## Materials

### Per Group:

• Playdough or modeling clay
• Small electric fan and extension cord
• Yardstick or meter stick
• Marking pen
• Textbooks
• Long roll of paper on which to draw a coastline

### Per Student:

• 2–4 sheets of lightweight paper
• Ruler
• Pencil
• Scissors
• Push pins
• Unsharpened pencils with eraser

## Instructions

 In this activity, students design and use pinwheels as models to create wind turbines. They experiment with variables like position and location as they try to capture the most wind. ACTIVITY PART 1: Construct several pinwheels prior to the activity. Show them to the students, and guide them to figure out how to make their own pinwheels by observing yours. If students need support, refer to the following steps for making pinwheels below. Tell students to cut out a 4.5-inch square piece of paper. Fold it into 2 triangles. Measure, mark, and cut 2/3 of the way along each fold. Bring every other point into the center and stick a pin through all 4 points. The head of the pin forms the hub of the pinwheel. Turn the pinwheel over and make sure the pin is poking through the exact center. Roll the pin around in little circles to make the hole slightly larger, so that the pinwheel spins freely. Or, to decrease friction, separate the pinwheel from the eraser with a bead or two. Stick the pin into the eraser end of the pencil. Ask students to blow on their pinwheels, starting at the hub and then gradually changing the orientation of the pinwheel. Encourage students to notice that there’s an optimal position for capturing the most wind. ACTIVITY PART 2: Divide the class into at least 2 teams and position them on opposite sides of the classroom, hallway, or other large space. Give each team a roll of paper, marking pen, and masking tape. Tell students to draw a coastline on their roll of paper and tape it in place. Using clay bases for their pinwheels, tell each team to build a wind farm along the coastline. Have one team member use the measuring stick to measure 3 feet or 1 meter out from their middle pinwheel. Place the fan at this middle point. Use the lowest setting and see how many pinwheels turn. Record the totals and repeat for each team. Allow teams to redesign their farms, retest, and record their totals again. ACTIVITY PART 3: Give each team a textbook, which represents a coastal town. They have to place the town within the wind farm, 6 inches or 15 cm from the coastline. Deduct one point from the team’s total for every turbine that is between the town and the coast, and deduct another for every turbine that had to be moved.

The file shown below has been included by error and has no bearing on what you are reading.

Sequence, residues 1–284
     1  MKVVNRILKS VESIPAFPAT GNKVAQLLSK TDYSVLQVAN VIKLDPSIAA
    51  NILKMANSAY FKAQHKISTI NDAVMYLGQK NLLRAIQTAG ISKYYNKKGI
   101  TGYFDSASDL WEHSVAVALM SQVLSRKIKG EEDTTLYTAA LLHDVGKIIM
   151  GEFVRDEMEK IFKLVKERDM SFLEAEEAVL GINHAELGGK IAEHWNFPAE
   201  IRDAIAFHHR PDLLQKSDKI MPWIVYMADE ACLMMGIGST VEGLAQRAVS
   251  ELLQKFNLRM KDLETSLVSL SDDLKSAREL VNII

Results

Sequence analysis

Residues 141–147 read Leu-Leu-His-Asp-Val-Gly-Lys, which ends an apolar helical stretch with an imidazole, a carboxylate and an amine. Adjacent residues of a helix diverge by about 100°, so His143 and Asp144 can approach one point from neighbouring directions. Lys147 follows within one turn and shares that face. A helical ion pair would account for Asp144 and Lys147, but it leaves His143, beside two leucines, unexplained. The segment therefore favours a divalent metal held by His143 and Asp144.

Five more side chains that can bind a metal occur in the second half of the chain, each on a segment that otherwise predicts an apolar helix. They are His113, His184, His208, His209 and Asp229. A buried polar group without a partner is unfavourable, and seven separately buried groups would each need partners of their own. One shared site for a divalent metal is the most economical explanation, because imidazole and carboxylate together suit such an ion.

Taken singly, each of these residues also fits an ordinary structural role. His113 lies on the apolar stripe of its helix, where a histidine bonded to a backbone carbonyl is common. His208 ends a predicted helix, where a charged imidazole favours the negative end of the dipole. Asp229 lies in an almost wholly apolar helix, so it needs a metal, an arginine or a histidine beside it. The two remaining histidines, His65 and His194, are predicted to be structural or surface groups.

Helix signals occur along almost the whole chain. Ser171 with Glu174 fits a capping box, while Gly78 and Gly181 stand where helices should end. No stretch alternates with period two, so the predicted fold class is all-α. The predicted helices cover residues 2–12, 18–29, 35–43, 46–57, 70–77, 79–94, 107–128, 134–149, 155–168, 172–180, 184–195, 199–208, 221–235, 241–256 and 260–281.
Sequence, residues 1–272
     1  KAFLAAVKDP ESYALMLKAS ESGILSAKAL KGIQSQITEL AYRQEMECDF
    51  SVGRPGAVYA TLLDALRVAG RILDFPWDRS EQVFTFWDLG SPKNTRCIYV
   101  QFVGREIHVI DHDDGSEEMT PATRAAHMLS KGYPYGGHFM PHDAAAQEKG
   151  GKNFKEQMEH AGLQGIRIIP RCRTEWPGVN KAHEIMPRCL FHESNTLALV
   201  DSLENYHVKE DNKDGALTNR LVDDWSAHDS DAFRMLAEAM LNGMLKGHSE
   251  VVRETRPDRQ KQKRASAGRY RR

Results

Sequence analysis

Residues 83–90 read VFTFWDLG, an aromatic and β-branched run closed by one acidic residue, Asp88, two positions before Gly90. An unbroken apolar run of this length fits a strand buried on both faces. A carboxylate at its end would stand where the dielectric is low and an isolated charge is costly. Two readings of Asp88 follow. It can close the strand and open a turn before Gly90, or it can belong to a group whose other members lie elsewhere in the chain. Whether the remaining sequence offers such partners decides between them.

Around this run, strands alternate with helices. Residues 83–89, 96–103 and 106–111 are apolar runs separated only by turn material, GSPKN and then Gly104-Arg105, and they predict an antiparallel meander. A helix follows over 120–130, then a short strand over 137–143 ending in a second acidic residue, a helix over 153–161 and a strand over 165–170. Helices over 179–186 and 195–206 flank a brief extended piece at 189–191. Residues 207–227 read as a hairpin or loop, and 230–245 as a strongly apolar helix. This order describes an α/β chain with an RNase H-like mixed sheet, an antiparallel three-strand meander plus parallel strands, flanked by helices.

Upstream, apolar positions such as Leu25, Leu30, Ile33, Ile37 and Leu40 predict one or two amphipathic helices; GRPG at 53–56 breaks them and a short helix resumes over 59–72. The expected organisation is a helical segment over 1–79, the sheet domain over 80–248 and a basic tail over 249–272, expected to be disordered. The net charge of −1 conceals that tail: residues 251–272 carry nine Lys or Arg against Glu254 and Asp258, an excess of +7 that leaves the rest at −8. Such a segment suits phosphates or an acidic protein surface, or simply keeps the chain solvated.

## Guiding questions

• How can you position your pinwheels so that as many are spinning simultaneously as possible?
• How can you position your coastal town to avoid having to move as few pinwheels as possible or lose their spin?

## Engineering & science connections

• Wind turbines are structures that convert the wind’s energy into electrical power. Wind farms are a large group of wind turbines that are placed together in geographical locations where the wind is strong and reliable. Wind farms are becoming an important source of renewable energy—as of 2015, they generated 7% of the electricity used in the US.
• Engineers design wind farms to provide electricity in a way that doesn’t depend on fossil fuels. When designing wind farms, engineers must think about the direction of the wind, where the wind is strongest across a landscape, and how to accommodate the location of nearby towns.
• While they don’t have the same environmental impacts as fossil fuels, wind farms do create some problems. They pose a real threat to wildlife such as bats and migrating birds. They also create noise pollution and landscape degradation. Engineers are designing ways to minimize the environmental impacts caused by wind farms.

This activity was provided by BP p.l.c. For more education resources, go to www.bpes.com